When working with Python, or any programming language, there is a lot that can go wrong with our code. There are syntax errors and exceptions, but there are also mistakes in the program logic which cause it to behave in unexpected ways.
For these reasons, testing is crucial to creating quality software. The goal of testing isn’t just to find bugs but to find them quickly. Leaving bugs unfound and unresolved can lead to massive consequences in the real world. Take a look at some of the most infamous bugs that have ever occurred in software.
Don’t worry though - by following some common practices and using the tools built into Python, we can start creating quality tests in no time. To dive in, first, let’s talk about the different types of testing styles that exist.
The world of testing can generally be divided into two categories:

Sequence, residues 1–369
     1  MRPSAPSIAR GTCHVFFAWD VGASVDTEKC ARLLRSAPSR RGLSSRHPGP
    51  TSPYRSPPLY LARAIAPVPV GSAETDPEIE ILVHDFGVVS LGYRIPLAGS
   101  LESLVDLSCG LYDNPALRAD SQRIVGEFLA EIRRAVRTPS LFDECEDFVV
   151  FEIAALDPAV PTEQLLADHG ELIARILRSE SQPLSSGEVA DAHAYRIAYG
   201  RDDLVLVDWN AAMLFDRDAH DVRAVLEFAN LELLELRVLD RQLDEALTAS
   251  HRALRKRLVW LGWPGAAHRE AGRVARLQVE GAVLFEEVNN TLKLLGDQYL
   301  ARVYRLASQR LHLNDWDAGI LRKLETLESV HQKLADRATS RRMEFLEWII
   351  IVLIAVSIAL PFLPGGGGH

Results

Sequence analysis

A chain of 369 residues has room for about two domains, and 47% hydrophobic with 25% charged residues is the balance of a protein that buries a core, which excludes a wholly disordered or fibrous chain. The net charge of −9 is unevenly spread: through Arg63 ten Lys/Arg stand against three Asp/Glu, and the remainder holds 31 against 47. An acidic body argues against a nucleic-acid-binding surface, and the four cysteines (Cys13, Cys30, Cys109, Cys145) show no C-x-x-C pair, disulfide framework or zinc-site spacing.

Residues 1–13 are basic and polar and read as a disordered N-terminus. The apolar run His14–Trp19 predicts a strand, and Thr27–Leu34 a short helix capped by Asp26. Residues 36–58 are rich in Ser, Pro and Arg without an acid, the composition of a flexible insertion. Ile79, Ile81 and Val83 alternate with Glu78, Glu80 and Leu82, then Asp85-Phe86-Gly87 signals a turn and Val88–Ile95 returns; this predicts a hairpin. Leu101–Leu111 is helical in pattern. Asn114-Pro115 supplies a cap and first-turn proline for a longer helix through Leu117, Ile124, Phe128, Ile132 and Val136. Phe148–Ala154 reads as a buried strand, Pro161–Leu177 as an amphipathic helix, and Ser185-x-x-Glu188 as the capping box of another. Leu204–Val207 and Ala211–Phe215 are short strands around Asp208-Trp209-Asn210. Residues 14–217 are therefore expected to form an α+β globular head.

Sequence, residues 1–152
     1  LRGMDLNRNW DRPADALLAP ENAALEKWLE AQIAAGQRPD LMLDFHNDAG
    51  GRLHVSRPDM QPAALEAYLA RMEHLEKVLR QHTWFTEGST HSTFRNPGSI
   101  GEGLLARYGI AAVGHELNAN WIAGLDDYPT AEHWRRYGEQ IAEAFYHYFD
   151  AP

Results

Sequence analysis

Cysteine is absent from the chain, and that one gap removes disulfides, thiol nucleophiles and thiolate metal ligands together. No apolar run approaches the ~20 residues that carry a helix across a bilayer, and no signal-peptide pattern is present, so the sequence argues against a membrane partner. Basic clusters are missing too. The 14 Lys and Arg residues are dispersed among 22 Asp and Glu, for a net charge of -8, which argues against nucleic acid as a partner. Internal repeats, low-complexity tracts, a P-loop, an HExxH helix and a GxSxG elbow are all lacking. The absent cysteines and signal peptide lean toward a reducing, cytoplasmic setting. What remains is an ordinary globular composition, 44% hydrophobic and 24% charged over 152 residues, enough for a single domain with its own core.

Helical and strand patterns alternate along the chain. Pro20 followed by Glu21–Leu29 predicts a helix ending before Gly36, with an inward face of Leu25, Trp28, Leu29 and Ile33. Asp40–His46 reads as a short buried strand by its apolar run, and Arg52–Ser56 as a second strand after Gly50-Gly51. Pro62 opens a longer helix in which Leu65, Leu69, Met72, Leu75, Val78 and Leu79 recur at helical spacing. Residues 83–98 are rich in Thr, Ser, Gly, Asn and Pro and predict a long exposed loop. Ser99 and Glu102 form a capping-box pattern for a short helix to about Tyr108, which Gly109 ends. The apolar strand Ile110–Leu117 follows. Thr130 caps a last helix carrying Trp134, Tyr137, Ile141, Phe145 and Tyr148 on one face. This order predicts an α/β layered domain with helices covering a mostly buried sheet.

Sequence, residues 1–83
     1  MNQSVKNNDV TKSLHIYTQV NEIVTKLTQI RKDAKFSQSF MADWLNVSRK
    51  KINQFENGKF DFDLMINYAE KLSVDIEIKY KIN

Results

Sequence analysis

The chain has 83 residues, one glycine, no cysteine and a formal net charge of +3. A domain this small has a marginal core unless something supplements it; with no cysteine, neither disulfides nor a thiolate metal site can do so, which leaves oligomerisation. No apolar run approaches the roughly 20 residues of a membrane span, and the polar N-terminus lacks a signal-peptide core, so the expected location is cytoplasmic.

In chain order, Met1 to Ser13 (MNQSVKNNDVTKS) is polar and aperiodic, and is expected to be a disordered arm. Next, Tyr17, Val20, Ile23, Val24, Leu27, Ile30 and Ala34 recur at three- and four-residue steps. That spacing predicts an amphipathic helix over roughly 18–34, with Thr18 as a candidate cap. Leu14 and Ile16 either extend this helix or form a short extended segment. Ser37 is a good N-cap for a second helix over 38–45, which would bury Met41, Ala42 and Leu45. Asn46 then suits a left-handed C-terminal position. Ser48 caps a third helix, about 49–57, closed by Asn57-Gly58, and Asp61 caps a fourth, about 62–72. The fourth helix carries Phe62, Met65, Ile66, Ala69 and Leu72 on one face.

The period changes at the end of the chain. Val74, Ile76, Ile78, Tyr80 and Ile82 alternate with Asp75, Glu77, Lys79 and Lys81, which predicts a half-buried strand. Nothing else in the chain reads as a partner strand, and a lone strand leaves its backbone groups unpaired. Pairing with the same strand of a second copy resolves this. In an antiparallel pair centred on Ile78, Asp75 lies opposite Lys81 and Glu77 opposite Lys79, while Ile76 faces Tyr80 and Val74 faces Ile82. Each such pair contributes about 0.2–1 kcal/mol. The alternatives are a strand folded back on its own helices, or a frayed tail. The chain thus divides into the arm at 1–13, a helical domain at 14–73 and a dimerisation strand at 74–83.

- Manual Testing:
- With manual testing, a physical person interacts with software much as a user would. In fact, we have been manually testing our code any time we run it and observe the results!
- Automated Testing:
- With automated testing, tests are performed with code. Generally, automated testing is faster and less prone to human error.
In this lesson, we’ll be diving into the world of testing. For most of the exercises, let’s imagine we’ve been hired to create tests for a new airline company called Small World Air. Before we start writing automated tests, let’s do some manual testing and see what kind of shape their software is in.
Small World Air provided us access to a program that displays the flight status for all current flights. Manually test the code by running it and observing the output.
Uh oh, we hit a
TypeError! Can you spot and fix the error? Manually test your bug fix by running the program again.